Doug West arrived at Villanova in 1985 - when the Big East was at its peak.
The Wildcats were coming off their national championship from a Final Four that included fellow conference members Georgetown and St. John's.
The players from that era - Ewing, Mullin, Coleman, Douglas, Pinckney, Pearl Washington - were matched only by the legendary coaches such as John Thompson, Louie Carnesecca, Jim Boeheim and Rollie Massimino.
All were pillars that helped turn Dave Gavitt's vision into the nation's first basketball superconference.
And this weekend, as the Big East as we've known it plays its final tournament at Madison Square Garden, memories abound of just how special it was.
West, despite having spent 12 years in the NBA, still considers it "at the top" of his favorite times as a player.
"It would have to be because it was my first experience going to New York as a young freshman leaving Altoona, Pennsylvania for the first time," he was saying the other day from Rio Grande, Texas, where he's coaching in the NBA's Developmental League. "It was big time."
West found himself struck by the bustle of New York City and especially inside Madison Square Garden, where the players took the escalators up to the court and the piercing but understated voice of the late John Condon, would echo, "Welcome to Madison Square Garden, the most famous arena in the world."
"You'd walk the hallways with all the pictures of the people who had performed there - in games, in concerts ... the whole atmosphere was amazing," West said.
When he was done playing and returned to Villanova, where he coached for four seasons (2007-2010 and last year), the Big East's structure had changed for the worse.
"When I played, you had home and away against everybody, and when I came back, I had no record against a lot of the teams we played," he said. "It's sad to see it dissolve, but I like that the Catholic schools will retain the [Big East] name because they were the first ones in it."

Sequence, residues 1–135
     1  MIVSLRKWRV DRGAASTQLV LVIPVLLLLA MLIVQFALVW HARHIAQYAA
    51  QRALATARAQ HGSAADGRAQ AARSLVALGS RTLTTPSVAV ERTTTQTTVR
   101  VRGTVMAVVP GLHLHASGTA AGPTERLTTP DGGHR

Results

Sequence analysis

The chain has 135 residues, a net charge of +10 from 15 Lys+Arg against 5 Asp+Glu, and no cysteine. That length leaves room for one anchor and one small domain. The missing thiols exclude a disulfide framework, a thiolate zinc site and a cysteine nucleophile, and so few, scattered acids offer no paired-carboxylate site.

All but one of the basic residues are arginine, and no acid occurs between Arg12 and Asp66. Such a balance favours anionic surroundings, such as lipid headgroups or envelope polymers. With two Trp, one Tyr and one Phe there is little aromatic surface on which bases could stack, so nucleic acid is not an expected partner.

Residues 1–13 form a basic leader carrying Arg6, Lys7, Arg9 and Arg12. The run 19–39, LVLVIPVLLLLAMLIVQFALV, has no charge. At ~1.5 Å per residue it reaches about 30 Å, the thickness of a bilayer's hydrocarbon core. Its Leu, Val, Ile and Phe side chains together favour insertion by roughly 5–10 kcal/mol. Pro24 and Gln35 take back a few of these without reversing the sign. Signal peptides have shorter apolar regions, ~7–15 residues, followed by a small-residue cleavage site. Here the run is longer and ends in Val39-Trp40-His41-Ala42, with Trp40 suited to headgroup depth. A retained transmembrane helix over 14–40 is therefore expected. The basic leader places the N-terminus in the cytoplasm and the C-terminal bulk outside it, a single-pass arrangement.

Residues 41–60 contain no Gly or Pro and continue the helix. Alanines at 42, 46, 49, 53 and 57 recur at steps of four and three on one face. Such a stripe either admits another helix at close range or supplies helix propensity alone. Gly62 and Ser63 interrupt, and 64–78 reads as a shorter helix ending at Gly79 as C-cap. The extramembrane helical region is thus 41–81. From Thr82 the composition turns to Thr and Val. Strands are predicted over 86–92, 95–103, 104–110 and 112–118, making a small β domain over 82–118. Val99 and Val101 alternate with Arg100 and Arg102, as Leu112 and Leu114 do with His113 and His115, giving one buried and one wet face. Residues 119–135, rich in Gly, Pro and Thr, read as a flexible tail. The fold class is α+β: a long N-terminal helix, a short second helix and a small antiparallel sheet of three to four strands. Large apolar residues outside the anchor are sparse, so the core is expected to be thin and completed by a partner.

West, now 45, also noticed a difference in the way the players of today interact. Even though players from his era often stayed at least three years and often four, there wasn't much fraternizing.
"When we'd come into the Garden for the Big East, the Georgetown guys would be against in the wall, in their trench coats, and they wouldn't smile or say a word to you," he said. "We didn't want to talk to each other. It was business. It's not like that now because all the players have all come through the AAU system and they're friendly. It's a different league."
Maybe with the football schools going their own way, the Big East will return to its roots and re-establish some stability. Let's hope so.
As for West, he was recommended to the NBADL by Houston Rockets coach Kevin McHale, the former coach and general manager in Minnesota when West played there.
He's paying his dues, enduring rugged travel from Idaho to Rio Grande and learning the pro coaching ropes with the idea that he'll be a candidate for an NBA position in the future.
The Rio Grande Vipers are affiliated with Houston, and several players have been called up to the big league.
"I can't lie: The travel is rough," West said. "I've sat in more airports than I've been in my life, but the basketball is good. It's very competitive, and it's 85 degrees here. This is a great learning experience for me. I appreciate everything that's going on, but the ultimate goal is to get to the NBA."
And, should that happen, maybe it will bring a trip back in time ... to Madison Square Garden.
Rudel can be reached at 946-7527 or email@example.com.